The associations between ARID5B genetic polymorphisms and ALL relapse highlight its potential value as a novel prognostic marker, but also beg the question as to what is the mechanism by which ARID5B is linked to treatment response. In our preliminary studies, we first tested which of the 6 chemotherapeutic agents (prednisolone, methotrexate, 6-mercaptopurine, asparaginase, vincristine, and daunorubicin) commonly used in ALL therapy are modulated by ARID5B. Thus, we established isogenic cell line models (stable knock‐down by shRNA) to examine the effects of ARID5B expression on anti-leukemic drug responses. In 3 pre‐B ALL cell lines (NALM6, SEM, and UOC‐B1), we consistently observed dramatically increased resistance to MTX and 6MP, but not for prednisolone, asparaginase, vincristine, or daunorubicin. We further demonstrated that resistance to MTX in ARID5B knockdown cell might be attributed to reduced accumulation of MTX‐PGs. Aim 2 of the proposal poses three questions:

are ARID5B genetic variations associated with clinical response to MTX in children with ALL?;

how does ARID5B regulate the metabolism of MTX and 6MP; and

because MTX and 6MP belong to the same class of anticancer drug (i.e. anti-metabolite) and their mechanisms of action converge on DNA synthesis/cell cycle, how is ARID5B linked to genes involved in these processes?

In collaboration with Dr. William E. Evans and Dr Jun J. Yang from from St. Jude Children's Research Hospital (SJCRH), we aim to determine the relationships between ARID5B and MTX response in patients. We will capitalize on a well‐annotated St. Jude patient cohort treated on St. Jude Total XV and XIIIB protocols for whom MTX response was measured as change in white cell count before and after a single drug "MTX window therapy" and for whom genome‐wide genotyping was performed by Affymetrix 500K (germline DNA) and genome‐wide gene expression was profiled by Affymetrix Gene Expression array (diagnostic ALL blasts)22. Thus, we will perform association analyses of germline SNP genotype and ARID5B expression in ALL blast with MTX response phenotype, following well-established statistical procedures at SJCRH22,23.

Although some reports suggest that ARID5B is a transcription factor with possible histone demethylase activity24 and possible interaction with PDGF25, physiological functions of ARID5B are largely unknown particularly in the hematopoietic system. Therefore, we plan to take an agnostic approach to comprehensively characterize the genes regulated by ARID5B in ALL. We will compare global gene expression pattern in ARID5B knock‐down vs. control cells (in all 3 ALL cell lines), using Affymetrix gene expression array. In parallel, we will also obtain 2 publically available gene expression datasets of childhood ALL (GSE12995, N=221 and GSE11877, N=202)26,27 to identify genes for which expression is correlated with ARID5B. A final "ARID5B signature" will be defined as genes whose expression was both significantly affected by ARID5B knockdown in isogenic cell line and was associated with ARID5B expression in primary ALL. This signature will then be used for gene set enrichment analysis to identify pathways regulated by ARID5B. In addition to this genome‐wide approach, we also plan to focus on a number of specific pathways. Both MTX and 6MP undergo anabolism to achieve (or improve) cytotoxicity. Because down‐regulation of ARID5B expression led to reduced level of MTX‐PG in ALL cell line, we suspect that certainly key enzymes responsible for MTX‐PG conversion might be targeted by ARID5B. To this end, we will compare the expression (mRNA and protein levels) and enzymatic activity of folyploglutamate synthetase (FPGS) and gammaglutamyl hydrolase (GGH) in ARID5B knock‐down vs. controls cells. For 6MP, we plan to measure thioguanine nucleotides (TGN, the active metabolite of 6MP) and activity of HPRT and TPMT (enzymes key to TGN conversion) in ARID5B knockdown vs. controls, following well-established HPLC procedures28,29. Finally, because cytotoxicity of both MTX and 6MP is highly correlated with the rate of cell cycle and DNA synthesis (particularly % cells in S phase), we hypothesize that ARID5B might modulate genes involved in cell proliferation/apoptosis. We will first compare distribution of cell cycle of ARID5B knockdown vs. control in all 3 ALL cell lines, by flow cytometry‐based cell cycle assay. We stipulate that ARID5B knockdown cells might be somewhat arrested in the non‐proliferative G0/G1 phase. For examples, we will probe a panel of G1/S checkpoint genes (e.g. CDK2/4/6, CyclinD/E) and regulators of checkpoint genes (e.g. p21, p27, p53) by Western blot. The combination of genome‐wide and hypothesis‐driven approaches is likely to shed lights on potential pharmacologic and molecular mechanisms for ARID5B‐related drug resistance in ALL.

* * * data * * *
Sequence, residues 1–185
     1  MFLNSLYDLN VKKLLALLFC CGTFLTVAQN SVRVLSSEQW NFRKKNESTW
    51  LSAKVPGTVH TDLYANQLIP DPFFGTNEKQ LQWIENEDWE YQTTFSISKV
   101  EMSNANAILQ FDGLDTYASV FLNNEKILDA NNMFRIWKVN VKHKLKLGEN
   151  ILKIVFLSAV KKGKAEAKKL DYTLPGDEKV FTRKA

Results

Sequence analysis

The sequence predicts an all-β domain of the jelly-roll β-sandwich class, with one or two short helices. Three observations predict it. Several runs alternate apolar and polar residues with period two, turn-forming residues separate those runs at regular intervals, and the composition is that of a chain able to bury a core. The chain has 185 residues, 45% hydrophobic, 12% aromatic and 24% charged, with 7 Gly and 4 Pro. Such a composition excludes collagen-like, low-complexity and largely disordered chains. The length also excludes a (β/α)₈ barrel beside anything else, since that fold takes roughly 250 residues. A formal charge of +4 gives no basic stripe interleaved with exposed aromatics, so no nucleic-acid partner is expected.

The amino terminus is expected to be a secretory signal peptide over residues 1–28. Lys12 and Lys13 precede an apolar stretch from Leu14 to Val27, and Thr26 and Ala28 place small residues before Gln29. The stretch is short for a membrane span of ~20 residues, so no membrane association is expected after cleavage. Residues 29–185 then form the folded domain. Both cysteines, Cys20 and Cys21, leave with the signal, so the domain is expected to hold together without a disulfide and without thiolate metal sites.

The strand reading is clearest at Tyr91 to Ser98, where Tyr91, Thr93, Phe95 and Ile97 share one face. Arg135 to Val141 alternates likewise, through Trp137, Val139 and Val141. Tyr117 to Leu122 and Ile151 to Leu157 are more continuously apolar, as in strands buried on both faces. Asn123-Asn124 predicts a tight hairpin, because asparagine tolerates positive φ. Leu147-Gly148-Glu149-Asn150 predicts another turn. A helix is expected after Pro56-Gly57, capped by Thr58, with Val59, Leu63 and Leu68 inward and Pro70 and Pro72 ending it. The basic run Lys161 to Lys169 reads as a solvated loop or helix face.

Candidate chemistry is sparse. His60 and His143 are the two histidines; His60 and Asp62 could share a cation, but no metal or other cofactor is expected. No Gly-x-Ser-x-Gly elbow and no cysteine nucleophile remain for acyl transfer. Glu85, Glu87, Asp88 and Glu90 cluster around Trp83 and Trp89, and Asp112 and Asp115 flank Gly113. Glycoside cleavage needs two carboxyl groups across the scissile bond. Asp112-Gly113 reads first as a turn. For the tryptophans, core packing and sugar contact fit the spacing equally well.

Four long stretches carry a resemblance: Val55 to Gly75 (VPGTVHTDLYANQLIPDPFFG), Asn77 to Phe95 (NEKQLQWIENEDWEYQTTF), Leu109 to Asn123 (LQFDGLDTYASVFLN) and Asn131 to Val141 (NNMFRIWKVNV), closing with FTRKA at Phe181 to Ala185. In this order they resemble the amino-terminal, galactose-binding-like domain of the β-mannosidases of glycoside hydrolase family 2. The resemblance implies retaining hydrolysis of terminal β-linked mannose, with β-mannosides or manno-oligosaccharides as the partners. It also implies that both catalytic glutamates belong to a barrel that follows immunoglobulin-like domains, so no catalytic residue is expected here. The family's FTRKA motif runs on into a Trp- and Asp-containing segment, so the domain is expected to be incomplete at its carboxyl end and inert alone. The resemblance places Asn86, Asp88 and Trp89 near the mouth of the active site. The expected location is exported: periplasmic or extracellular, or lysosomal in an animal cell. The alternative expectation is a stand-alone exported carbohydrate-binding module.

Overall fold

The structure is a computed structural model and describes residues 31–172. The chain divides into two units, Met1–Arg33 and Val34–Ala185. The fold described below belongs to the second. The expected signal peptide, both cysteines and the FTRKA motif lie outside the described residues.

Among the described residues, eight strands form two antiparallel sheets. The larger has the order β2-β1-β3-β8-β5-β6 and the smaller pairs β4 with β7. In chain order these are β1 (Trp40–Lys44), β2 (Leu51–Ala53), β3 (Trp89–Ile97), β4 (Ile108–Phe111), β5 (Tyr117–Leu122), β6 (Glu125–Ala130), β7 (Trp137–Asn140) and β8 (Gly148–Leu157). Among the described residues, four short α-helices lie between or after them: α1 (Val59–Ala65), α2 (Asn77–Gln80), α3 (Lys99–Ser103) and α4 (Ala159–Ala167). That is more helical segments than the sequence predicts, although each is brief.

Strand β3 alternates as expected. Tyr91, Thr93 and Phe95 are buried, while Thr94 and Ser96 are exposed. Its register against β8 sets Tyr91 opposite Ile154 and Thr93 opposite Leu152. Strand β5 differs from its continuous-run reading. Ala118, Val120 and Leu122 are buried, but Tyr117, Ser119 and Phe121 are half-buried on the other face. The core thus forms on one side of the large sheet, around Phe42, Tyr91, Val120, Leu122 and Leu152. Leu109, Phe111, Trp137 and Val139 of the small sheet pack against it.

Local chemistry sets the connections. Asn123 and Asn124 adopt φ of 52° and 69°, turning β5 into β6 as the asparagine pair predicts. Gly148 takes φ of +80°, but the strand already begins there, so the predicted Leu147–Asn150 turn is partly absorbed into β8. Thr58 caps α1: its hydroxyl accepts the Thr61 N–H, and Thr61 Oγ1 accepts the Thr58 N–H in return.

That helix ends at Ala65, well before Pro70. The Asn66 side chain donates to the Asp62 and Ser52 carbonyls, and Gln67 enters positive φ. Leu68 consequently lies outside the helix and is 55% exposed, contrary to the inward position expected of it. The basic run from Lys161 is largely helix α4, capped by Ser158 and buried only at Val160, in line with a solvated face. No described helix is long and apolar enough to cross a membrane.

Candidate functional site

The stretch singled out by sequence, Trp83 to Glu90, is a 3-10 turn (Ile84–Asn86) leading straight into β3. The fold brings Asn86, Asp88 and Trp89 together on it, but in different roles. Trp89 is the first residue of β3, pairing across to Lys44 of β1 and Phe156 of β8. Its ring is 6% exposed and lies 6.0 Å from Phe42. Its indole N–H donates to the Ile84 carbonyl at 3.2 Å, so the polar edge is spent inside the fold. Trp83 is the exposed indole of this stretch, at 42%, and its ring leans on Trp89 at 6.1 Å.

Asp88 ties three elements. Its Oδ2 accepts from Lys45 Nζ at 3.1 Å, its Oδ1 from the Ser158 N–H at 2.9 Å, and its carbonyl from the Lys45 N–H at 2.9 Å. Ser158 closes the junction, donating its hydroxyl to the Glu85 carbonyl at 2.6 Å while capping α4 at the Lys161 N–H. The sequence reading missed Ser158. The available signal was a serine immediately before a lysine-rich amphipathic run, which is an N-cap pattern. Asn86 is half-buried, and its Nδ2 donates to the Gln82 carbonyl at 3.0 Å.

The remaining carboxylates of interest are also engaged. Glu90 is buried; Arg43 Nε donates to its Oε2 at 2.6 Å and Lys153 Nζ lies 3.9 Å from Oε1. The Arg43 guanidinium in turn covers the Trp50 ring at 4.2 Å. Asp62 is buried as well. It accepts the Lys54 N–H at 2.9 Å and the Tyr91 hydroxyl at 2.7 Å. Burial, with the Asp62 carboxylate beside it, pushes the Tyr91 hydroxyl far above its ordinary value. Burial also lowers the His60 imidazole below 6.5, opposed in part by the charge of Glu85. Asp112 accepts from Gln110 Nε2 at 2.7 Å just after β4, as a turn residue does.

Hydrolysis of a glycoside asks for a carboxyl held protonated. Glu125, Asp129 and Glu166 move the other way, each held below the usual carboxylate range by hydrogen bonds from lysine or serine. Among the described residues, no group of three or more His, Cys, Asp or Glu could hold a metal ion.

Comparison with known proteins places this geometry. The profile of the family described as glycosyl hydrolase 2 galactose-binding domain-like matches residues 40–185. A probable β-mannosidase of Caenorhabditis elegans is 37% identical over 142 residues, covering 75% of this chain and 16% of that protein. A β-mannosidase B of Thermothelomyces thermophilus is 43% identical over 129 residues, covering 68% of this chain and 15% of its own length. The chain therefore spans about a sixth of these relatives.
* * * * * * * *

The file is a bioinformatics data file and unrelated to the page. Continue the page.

The timing of this grant award is opportune for the conduct of this research study to make significant progress in the next 2 years as: 1) we have already generated compelling preliminary data to lay a solid basis of the project; 2) we are collaborating with SJRCH who has clinical samples and gene expression data from adequately powered clinical trials; 3) we have already established laboratory experimental models to be used for mechanistic/functional studies. Our long‐term goal of is to translate our pharmacogenomic findings to individualized ALL therapy and further improve treatment rates.